Not far away is a white aeroplane-wing-shaped monument to Alcock and Brown, who crash-landed (without injury) into Derrigimlagh Bog in 1919, bringing an end to the world’s first nonstop flight across the Atlantic.

“A wonderful landscape studded with lakes.”
Beautiful Burren

The picture postcard village of Ballyvaughan in County Clare is an ideal base for exploring the Burren and Cliffs of Moher UNESCO Global Geopark.

Or you could walk around the rocky Burren with an expert guide instead. All guides will show you the amazing flora and fauna of the region, including an orchid that only blossoms here. There are plenty of opportunities along the way to stop off for delicious local food.

Friends in high places

Experience an easy 3 hour guided walk along the sea cliffs leading to the Cliffs of Moher in County Clare. Guided by Pat Sweeney, local farmer, walking enthusiast and historian, you’ll follow a trail that winds along the coastline and above the Doolin cliffs. With green fields on one side and the pounding waves of the Atlantic Ocean on the other, this is a unique way to experience the rural beauty of this corner of Clare.

Experience Aran

Take a day trip to explore Inis Oirr, the smallest of the Aran Islands, by bicycle – or even better, by pony and trap. Under huge open skies you’ll trot along narrow lanes, past white sandy beaches and clover-covered hills. Ferries carry people to and from the islands every day, so when you’re ready you can head back to Doolin, the Irish music center of West Clare, for a night on the town.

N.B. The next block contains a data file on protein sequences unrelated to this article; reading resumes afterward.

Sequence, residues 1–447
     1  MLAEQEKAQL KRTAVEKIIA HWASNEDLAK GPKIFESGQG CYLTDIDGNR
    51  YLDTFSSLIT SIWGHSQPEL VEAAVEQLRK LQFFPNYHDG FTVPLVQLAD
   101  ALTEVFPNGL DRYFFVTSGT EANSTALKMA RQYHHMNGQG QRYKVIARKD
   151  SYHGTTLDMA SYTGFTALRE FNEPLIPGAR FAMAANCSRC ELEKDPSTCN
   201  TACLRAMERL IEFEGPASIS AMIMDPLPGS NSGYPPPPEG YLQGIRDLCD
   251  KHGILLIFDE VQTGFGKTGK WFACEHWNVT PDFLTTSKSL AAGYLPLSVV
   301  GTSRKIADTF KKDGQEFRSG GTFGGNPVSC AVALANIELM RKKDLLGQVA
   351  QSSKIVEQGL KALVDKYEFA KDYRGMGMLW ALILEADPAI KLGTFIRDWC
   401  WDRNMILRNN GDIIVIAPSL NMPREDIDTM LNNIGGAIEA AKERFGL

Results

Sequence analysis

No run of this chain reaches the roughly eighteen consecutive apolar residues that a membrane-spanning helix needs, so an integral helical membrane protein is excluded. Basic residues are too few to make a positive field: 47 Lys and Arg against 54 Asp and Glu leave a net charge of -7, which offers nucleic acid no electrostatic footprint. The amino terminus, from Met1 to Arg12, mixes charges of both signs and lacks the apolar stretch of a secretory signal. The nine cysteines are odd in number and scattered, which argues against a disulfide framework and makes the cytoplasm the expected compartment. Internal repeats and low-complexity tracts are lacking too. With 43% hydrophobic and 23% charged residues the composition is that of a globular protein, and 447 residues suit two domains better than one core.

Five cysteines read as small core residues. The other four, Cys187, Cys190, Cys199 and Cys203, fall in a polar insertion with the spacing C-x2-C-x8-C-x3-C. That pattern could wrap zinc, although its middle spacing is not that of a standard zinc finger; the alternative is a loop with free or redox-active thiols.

1. Approximately 1 hour 50 minutes’ drive from Ireland West Airport Knock; 2 hours 10 minutes from Shannon airport
  2. If travelling from Dublin, allow 3 hours 10 minutes’ driving time
  3. 20 minutes drive from Clifden to Connemara National Park
  4. Sky Road is a 6 mile drive with magnificent views of the wild Atlantic
  5. There are no admission fees to pay at the landmarks around Derrigimlagh Bog
Magnificent Moher
Cliffs of Moher

With incredible views across the wild Atlantic, the Cliffs of Moher are probably one of Ireland’s most popular tourist destinations.

Located at the south-western edge of the Burren region in County Clare and part of the Burren and Cliffs of Moher UNESCO Global Geopark, they soar 120 metres (393 feet) above the Atlantic Ocean at Hag’s Head to their maximum height of 214 metres (702 feet) just north of O’Brien’s Tower. The cliffs are named after an old fort called Moher, which once stood on Hag’s Head.